Find the answers to this question and more in SIMA’s just-released Industry Impact Report.
The Snow & Ice Management Association (SIMA) recently released an Industry Impact Report with important statistics for private-sector professional snow and ice operators. Here are some of the key findings for the U.S. market.
The U.S. private snow and ice management industry is estimated at $20.8 billion in revenues, spending $6.4 billion on labor and $5 billion on equipment. It comprises 88,200 businesses and 180,000 workers. The market is exceptionally fragmented. The top four largest operators control just 5% of the market revenue. The vast majority, four out of every five businesses, are sole proprietors.
The typical snow and ice services provider…
- Has been in operation for at least 10 years.
- Generates revenue from snow and ice of $152,000. Runs a multi-line business including landscaping, earning $435,000. Snow and ice accounts for about 1/3 of its earnings.
- Serves 66 accounts, spanning 100 properties. Commercial clients comprise 60% of its business, residential 40%.
- Works 13-16 plowing events and 20-25 de-icing events per season.
- Has a one in six likelihood of facing a slip-and-fall claim each season. The average medical claim for a S&I-related incident is $33,000.
- Retains 93% of customers year over year.
Most providers offer several different services. Just 15% of operators are entirely or mostly dedicated to snow and ice management. On balance, the average operator earns 37% of their total revenue from snow and ice business. Over half of all snow and ice providers are lawn and landscape providers, who also offer snow and ice services.
Revenue has been growing 2.5% a year in the U.S. from 2016 (the last survey) to the present. (On par with U.S. GDP growth of 2% since 2016.)
The market is expected to continue to grow at 1.5% a year through 2026.
Commercial accounts (or Industrial) make up the greatest revenue segment at $7.1 billion and 35% of the market, up from 26% of the market in 2016. Desire for snow and ice services has increased as more major properties elect to out-source facilities management.
Residential accounts garner $5.9 billion and 29% of the market, a decrease from 34% of the market in 2016. This segment has declined somewhat, primarily due to lesser annual revenue from single-family housing in recent years.
Retail comprises $4.3 billion in revenues and 21% of the market, down from 27% in 2016. This segment is trending down recently, in part due to COVID-related declines in retail operations.
Medical brings in $1.7 billion at just 8% of the market, up from 7% in 2016. Institutional mimics these same figures exactly, bringing in $1.7 billion at 8% of the market, up from 7% in 2016.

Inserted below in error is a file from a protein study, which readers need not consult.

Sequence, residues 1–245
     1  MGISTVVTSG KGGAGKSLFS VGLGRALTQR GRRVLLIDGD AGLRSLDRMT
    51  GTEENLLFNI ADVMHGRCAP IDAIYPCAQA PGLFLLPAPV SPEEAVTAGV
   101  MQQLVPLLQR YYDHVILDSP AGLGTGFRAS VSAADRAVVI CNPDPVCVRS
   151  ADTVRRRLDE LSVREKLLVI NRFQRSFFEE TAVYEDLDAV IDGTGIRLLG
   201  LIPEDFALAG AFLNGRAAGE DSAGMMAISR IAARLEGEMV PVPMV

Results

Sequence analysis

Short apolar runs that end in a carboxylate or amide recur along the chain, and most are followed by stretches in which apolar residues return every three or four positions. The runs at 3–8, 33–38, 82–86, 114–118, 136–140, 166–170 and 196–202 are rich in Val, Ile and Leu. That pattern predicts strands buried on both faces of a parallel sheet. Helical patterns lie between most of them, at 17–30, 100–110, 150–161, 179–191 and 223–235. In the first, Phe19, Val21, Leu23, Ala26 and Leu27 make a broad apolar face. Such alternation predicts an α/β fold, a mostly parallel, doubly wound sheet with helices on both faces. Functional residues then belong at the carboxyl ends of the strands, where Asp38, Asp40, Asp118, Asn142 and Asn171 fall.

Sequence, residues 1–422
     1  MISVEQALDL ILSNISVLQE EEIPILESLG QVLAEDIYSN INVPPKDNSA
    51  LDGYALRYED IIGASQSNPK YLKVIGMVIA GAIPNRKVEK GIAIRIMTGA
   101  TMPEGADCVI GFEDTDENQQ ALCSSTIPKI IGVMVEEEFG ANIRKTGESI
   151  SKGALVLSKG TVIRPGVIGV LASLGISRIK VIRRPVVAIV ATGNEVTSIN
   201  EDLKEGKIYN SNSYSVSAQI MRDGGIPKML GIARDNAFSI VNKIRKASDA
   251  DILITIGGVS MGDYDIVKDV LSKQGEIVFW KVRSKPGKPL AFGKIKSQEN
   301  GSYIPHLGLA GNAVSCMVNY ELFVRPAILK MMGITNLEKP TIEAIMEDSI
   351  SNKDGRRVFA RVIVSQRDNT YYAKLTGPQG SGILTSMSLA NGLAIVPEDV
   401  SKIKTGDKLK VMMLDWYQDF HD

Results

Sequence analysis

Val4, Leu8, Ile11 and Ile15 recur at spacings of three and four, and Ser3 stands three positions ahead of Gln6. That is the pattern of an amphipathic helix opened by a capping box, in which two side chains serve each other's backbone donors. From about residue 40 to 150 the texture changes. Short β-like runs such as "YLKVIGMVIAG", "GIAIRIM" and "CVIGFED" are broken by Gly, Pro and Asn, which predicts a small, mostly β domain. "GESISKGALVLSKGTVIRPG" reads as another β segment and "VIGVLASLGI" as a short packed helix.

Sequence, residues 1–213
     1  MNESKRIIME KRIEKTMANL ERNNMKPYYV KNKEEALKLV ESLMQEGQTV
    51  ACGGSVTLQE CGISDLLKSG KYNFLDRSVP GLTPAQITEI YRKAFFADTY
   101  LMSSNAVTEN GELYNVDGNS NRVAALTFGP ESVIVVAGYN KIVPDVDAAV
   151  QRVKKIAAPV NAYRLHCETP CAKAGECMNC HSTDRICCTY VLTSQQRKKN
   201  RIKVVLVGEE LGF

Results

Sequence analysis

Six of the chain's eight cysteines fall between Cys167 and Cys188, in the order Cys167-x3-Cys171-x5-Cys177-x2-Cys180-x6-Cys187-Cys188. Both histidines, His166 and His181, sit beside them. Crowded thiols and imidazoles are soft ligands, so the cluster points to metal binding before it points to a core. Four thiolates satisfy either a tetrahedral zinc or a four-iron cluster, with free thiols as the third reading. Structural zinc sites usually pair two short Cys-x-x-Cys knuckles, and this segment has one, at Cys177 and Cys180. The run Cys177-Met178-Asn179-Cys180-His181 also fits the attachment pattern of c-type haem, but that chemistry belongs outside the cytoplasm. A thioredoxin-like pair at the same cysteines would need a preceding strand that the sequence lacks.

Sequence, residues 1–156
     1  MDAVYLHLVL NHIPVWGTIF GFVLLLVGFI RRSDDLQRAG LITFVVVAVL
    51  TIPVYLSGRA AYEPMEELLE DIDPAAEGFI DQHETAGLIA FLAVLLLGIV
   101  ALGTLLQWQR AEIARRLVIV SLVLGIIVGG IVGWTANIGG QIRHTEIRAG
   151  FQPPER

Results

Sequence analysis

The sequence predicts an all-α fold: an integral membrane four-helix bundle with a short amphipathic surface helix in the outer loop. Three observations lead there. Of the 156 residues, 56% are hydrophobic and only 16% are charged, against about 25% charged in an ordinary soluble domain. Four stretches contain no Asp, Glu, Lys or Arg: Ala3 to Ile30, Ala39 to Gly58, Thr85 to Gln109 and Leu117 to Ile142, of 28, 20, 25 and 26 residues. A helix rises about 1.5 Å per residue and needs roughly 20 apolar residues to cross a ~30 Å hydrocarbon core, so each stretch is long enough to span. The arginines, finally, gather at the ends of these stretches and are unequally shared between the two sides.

Operations. Plowing accounts for half of all operations, though it has declined somewhat recently. It’s expected to grow again in upcoming years, as more large retailers choose to outsource snow removal. De-icing and anti-icing has grown slightly as a percent of revenue share. Snow clearing (as in sidewalk and doorway work) has also increased slightly. Residential and retail accounts generate greater revenue from parking lot and driveway plowing, while corporate and industrial accounts generate greater revenue from work such as de-icing, snow hauling, and sidewalk clearing.
Service Contracts. Most service contracts are variable price. Per push contracts comprise 24% of the market, per inch is 21%, time and materials is 16%, and per event is 14%. Seasonal contracts are used by 25% of respondents.
Tech. Technology is making the industry more efficient and productive. GPS is now mainstream, used by 70% of large (20+ employees) and 35% of smaller (six to 20 employees) operators. Telematics and IoT allow real-time location tracking, col-or-coded street maps to help prevent cover-age gaps, and Internet-connected property markers signal if a location still needs service. Tracker apps use autonomous vehicle location (AVL) to indicate snow removal progress. Electric or alternative fuel equipment is being purchased by 9% of respondents. What’s ahead? Droids and self-driving vehicles as well as heated roads. In fact, the town of Holland, MI has already built over 167 miles of heated road.
The Snow & Ice Management Association (SIMA) is a non-profit national trade association with a focus on training, events, and best practices related to snow plowing, ice management, and business management. The next Snow & Ice Symposium will be held June 13-16, 2023 in Hartford, CT. To view the full Industry Impact Report, visit sima.org.
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